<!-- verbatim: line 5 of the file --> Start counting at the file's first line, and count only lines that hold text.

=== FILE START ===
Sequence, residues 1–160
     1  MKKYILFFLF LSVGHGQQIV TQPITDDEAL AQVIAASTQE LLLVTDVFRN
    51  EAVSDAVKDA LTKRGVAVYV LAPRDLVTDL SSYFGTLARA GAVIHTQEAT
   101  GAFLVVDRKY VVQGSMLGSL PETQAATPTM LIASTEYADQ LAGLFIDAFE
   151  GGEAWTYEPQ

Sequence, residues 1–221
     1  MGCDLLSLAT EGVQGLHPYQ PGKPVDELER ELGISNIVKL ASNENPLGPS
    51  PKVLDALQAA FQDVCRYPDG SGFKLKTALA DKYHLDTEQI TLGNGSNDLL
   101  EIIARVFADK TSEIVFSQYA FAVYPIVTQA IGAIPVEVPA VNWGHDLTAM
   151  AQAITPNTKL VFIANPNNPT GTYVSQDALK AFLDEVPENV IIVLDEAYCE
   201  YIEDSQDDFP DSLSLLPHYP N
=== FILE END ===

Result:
   151  GGEAWTYEPQ